On Tuesday, the D.C. circuit rejected bids from both supporters and opponents of the Consumer Financial Protection Bureau (CFPB) in the trial of PHH Corp. vs. CFPB, Law360 reports, which has declared its leadership system unconstitutional, as the bureau’s single-director structure is in violation of the Constitution’s separation of powers clause.
The coalition had moved for reconsideration after already being rejected in February. Additionally, the court had blocked a bid by State National Bank of Big Spring, Texas. The small bank had previously attempted to challenge the constitutionality of the CFPB.
The case, as previously reported by DS News, sees New Jersey-based lender PHH Corp. trying to overturn a $109 million penalty issued by the CFPB in June 2015 over alleged violations of the Real Estate Settlement Procedures Act.
The $109 million disgorgement order from CFPB to PHH remains at the center of the litigation and CFPB Director Richard Cordray is at risk of being fired by President Trump at will as provided in the Dodd-Frank Act. Cordray had originally ruled an appeal of an administrative judge’s initial smaller penalty.
Motions from 17 state attorney generals and Democratic lawmakers Senator Sherrod Brown and Representative Maxine Waters to back the CFPB were rejected by the court, in addition to a coalition of consumer advocates who seek to represent CFPB. In October, Sherrod Brown released a statement on the original case and the decision to review the CFPB’s constitutionality.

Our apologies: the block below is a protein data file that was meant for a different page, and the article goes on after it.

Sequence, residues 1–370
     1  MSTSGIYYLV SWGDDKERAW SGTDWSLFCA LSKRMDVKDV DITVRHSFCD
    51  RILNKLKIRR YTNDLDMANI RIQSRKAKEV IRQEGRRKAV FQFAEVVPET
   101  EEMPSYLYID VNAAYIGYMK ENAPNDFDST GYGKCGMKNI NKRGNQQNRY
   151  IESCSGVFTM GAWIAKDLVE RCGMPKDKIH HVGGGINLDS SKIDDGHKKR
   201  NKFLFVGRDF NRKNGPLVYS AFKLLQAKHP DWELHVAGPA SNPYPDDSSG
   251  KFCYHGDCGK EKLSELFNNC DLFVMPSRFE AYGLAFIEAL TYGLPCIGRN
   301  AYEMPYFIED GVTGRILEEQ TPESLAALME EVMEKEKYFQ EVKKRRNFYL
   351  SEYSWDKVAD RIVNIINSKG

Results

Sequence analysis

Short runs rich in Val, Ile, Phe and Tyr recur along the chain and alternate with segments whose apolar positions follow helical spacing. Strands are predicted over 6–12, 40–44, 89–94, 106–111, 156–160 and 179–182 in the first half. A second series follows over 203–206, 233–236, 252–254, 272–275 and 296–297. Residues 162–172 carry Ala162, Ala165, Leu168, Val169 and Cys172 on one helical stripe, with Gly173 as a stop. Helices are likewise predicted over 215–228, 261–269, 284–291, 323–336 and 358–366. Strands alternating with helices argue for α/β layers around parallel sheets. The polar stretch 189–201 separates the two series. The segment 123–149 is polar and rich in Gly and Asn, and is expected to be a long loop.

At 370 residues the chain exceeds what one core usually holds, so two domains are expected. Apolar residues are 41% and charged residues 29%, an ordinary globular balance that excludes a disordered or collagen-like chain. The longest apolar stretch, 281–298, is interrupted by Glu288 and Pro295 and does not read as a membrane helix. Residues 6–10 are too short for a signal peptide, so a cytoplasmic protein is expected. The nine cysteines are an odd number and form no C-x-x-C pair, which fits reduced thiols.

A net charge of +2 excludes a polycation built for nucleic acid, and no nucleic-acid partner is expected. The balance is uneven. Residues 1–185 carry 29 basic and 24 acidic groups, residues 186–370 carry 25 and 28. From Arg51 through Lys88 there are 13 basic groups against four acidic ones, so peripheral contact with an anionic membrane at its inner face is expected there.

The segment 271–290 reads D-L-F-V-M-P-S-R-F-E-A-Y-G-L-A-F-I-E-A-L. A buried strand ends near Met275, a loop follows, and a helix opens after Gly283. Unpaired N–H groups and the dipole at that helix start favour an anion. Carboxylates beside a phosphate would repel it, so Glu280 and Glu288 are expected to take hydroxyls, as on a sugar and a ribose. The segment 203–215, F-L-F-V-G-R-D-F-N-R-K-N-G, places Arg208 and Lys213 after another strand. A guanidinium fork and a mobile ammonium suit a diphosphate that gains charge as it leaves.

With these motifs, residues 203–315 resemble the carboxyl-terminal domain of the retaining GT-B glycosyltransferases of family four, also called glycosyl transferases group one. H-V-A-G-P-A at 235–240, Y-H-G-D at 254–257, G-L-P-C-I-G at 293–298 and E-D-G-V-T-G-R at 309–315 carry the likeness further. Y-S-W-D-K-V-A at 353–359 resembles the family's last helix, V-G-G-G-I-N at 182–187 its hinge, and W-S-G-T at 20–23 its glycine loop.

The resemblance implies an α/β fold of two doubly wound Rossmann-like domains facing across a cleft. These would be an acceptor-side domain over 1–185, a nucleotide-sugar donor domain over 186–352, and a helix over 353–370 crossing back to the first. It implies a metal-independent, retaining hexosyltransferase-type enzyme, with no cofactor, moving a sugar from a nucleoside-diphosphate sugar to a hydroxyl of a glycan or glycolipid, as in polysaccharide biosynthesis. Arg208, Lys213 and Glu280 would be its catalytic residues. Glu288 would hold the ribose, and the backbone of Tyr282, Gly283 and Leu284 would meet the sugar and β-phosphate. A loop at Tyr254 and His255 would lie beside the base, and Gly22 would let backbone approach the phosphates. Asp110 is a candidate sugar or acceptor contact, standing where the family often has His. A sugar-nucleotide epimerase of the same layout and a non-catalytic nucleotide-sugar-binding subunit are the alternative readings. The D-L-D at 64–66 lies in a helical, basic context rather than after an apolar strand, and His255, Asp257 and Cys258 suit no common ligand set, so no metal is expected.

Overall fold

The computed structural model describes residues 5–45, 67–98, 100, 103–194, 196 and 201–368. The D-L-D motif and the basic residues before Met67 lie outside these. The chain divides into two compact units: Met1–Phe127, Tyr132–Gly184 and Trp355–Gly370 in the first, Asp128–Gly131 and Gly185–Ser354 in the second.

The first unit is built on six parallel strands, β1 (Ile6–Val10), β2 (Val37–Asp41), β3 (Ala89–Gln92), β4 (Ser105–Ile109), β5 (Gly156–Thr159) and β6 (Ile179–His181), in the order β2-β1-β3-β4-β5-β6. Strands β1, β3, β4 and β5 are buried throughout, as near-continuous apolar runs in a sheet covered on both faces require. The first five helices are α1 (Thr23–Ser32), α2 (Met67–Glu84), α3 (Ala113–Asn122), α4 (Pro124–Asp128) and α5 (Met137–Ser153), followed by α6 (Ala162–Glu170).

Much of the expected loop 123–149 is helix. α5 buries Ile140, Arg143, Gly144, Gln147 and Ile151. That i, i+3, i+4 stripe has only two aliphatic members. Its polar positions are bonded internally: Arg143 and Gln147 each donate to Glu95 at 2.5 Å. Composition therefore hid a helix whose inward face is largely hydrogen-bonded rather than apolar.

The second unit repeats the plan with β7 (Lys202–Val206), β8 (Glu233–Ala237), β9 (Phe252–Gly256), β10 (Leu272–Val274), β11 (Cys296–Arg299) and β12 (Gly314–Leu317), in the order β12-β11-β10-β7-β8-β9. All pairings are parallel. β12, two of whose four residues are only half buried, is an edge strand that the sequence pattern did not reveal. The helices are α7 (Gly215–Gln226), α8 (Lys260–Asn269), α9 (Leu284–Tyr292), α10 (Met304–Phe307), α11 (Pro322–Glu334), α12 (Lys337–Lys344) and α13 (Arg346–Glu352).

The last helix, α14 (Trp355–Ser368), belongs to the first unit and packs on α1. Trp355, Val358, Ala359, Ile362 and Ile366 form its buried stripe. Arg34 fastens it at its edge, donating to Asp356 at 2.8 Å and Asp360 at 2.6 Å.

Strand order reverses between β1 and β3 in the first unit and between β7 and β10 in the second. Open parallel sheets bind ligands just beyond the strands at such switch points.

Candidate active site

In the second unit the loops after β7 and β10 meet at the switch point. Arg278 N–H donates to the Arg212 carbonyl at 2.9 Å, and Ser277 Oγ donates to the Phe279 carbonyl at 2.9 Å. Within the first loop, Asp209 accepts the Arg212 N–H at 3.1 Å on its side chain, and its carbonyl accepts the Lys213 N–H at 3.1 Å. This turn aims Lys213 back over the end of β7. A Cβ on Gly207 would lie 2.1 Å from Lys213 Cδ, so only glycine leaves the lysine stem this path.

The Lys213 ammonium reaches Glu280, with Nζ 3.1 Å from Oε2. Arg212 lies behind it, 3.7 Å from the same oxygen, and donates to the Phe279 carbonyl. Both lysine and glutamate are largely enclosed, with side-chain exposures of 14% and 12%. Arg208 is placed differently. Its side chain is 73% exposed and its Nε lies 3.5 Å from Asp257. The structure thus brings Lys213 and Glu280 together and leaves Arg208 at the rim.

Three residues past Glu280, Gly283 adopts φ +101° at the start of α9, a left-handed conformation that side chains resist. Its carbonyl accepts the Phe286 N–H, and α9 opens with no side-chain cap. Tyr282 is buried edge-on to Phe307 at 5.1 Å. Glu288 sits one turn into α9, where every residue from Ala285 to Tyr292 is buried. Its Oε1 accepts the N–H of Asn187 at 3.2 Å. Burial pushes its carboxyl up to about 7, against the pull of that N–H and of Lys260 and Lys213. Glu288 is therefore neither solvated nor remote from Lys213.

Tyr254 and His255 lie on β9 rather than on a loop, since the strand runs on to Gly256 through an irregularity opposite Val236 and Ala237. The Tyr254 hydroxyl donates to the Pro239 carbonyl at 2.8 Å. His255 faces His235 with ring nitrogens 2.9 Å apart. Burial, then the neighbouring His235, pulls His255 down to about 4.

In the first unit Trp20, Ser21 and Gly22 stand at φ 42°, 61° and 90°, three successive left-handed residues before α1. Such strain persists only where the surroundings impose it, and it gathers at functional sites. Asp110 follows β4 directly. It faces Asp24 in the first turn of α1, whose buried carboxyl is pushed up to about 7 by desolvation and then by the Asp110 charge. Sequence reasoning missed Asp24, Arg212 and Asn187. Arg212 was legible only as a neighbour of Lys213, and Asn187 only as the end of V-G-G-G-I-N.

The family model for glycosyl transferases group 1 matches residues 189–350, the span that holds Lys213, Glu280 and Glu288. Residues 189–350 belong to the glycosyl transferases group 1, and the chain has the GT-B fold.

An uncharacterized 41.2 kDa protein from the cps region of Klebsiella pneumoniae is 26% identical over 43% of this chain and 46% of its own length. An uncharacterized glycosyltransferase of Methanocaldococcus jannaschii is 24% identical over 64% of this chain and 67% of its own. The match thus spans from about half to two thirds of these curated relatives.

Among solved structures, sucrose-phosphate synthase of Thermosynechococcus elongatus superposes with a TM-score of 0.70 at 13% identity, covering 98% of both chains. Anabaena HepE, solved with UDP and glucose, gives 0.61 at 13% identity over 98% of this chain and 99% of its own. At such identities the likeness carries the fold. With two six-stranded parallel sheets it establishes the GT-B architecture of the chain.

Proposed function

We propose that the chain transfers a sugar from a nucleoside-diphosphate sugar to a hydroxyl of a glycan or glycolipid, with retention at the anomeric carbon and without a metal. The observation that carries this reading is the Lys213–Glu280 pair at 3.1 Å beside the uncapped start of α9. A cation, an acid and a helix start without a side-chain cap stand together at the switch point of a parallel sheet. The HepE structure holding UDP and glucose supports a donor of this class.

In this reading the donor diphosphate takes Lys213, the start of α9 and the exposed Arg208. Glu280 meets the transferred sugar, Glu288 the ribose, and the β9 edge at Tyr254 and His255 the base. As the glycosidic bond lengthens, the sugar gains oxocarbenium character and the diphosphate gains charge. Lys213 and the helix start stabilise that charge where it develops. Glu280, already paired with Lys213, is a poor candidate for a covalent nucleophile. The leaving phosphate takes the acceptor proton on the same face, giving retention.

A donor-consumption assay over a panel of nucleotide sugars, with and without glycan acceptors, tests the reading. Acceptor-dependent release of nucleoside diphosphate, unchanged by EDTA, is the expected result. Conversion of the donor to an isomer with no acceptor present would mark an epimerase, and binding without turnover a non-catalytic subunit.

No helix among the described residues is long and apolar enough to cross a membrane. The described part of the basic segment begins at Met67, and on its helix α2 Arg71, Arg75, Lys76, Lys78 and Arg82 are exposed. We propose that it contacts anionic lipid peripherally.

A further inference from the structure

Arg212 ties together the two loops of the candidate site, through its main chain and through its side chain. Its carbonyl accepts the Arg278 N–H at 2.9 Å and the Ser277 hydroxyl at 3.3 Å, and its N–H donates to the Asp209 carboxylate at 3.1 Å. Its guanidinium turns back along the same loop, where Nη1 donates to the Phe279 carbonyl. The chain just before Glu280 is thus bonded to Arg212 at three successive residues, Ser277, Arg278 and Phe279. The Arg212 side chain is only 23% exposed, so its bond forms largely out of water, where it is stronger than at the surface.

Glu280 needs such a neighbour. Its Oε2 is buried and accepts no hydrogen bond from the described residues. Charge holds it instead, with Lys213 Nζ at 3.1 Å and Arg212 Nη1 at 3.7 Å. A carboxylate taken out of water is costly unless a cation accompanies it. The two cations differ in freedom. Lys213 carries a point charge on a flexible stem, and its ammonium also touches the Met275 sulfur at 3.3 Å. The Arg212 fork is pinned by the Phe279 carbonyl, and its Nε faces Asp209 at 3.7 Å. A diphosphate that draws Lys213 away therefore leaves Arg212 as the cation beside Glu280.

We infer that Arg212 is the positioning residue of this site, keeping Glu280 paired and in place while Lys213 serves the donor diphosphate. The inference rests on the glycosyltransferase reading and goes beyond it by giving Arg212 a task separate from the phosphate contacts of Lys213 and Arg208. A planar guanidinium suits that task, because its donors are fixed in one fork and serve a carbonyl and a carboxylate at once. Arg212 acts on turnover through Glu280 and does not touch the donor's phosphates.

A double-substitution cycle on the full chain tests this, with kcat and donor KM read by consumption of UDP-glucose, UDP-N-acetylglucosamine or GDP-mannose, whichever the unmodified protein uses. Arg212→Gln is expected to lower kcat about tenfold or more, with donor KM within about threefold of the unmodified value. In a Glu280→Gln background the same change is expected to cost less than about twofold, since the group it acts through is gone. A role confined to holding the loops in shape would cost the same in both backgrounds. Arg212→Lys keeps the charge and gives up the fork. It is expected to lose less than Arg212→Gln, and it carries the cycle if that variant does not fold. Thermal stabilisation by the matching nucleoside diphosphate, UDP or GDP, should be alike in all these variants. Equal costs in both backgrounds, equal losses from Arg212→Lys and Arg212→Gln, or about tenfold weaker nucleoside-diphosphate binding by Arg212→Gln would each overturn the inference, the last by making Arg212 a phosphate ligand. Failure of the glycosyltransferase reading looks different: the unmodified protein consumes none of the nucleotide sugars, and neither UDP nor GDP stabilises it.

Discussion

“I disagree with the Court’s decision. The CFPB’s structure works–just look at the critical role CFPB played in holding Wells Fargo accountable for customer abuses. Despite the industry’s claims, the CFPB is subject to extensive oversight and it is one of the most accountable financial agencies,” said Brown. “The CFPB will continue its tireless work advocating on consumers’ behalf and today’s decision underscores the importance of having a White House and Congress that supports its mission of strengthening consumer protections, rather than seeking to weaken and undermine oversight.”
A filing by the Justice Department indicates that the Trump Administration plans to move against the CFPB’s bid to defend its structure. “As this court recognized in calling for views of the United States on the question whether rehearing should be granted, the view of the United States on matters involving the president’s removal of power are not always congruent with the views of independent agencies,” the government’s motion said.
The case is PHH Corp et al v. Consumer Financial Protection Bureau, case number 15-1177, in the U.S. Court of Appeals.